It is this pluralistic spirit of the 1990s which is being suppressed by military rule. Regrettably, the programme of Thai-ification is intensifying. The Twelve Core Values of Thai People, a non-constitutional charter founded on Buddhist principles, penned by General Prayut and introduced by diktat in 2014, are now being taught to kindergarteners clad in military uniforms via military boot camps. Further, the ban on human rights advocates and ethnic minorities from freely assembling means no public lobbying for legislation supportive of educational plurality, eg, the draft National Language Policy, is possible. 

The nascent Myanmar model, of ethnic-based education providers working with a national education system, provides a progressive, federal response to maintaining the identity and human rights of ethnic minorities. However, EBEPs are still being marginalised and obstructed in their work by Nay Pyi Taw, and the political system is still far from federal. Moreover, EBEPs are still inconceivable in the case of the Rakhine state Muslims. Nonetheless, embedding a federal structure in the education system is potentially a beacon for Asean countries, particularly those leaning towards totalitarian forms of government, including Thailand.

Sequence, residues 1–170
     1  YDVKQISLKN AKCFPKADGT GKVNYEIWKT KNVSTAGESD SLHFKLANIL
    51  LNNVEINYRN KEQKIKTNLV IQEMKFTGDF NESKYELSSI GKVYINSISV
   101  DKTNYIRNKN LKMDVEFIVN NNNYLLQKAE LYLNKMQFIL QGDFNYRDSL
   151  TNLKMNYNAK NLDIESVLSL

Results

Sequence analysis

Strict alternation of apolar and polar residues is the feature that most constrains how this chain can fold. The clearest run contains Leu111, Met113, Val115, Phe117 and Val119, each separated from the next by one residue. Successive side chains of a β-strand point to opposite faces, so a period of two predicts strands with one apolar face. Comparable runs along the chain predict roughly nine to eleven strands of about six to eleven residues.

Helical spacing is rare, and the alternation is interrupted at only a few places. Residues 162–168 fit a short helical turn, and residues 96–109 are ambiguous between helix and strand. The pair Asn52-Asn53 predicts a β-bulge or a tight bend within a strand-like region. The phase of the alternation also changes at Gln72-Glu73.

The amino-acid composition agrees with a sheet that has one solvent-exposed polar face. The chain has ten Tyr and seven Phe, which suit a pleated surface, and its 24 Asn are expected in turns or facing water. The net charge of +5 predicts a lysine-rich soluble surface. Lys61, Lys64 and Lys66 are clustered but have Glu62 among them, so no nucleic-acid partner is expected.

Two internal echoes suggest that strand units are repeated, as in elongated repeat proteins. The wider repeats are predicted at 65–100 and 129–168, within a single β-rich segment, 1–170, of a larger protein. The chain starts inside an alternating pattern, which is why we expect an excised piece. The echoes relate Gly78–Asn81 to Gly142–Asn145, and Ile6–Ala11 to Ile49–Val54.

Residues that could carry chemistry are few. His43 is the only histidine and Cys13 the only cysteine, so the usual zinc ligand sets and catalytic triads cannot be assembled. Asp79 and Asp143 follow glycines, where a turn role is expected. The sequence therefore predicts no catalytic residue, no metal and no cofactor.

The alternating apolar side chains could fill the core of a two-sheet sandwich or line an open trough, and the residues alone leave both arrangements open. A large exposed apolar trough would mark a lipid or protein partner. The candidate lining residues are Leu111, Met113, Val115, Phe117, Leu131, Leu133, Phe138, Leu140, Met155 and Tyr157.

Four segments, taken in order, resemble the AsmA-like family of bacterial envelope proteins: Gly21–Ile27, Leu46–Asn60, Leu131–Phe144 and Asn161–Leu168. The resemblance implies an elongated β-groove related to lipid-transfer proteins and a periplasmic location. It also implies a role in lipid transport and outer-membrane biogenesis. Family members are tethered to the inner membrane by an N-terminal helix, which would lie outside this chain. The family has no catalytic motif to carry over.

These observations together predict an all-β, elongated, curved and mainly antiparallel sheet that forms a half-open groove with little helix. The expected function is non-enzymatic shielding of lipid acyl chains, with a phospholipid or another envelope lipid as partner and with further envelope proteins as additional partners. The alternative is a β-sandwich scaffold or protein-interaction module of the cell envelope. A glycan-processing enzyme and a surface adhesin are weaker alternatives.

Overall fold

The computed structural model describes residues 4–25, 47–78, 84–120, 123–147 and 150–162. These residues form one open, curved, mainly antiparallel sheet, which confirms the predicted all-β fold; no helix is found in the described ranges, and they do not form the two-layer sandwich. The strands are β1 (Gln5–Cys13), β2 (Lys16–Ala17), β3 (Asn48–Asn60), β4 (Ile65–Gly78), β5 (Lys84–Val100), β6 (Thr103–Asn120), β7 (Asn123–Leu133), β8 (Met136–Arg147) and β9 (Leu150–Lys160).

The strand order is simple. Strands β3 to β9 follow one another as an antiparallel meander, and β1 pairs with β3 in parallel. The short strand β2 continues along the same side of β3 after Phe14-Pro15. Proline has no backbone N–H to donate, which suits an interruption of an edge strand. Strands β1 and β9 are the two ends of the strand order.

Note: This column was co-authored with Dr. Peerasit Kamnuansilpa and was previously published in The Nation at this link: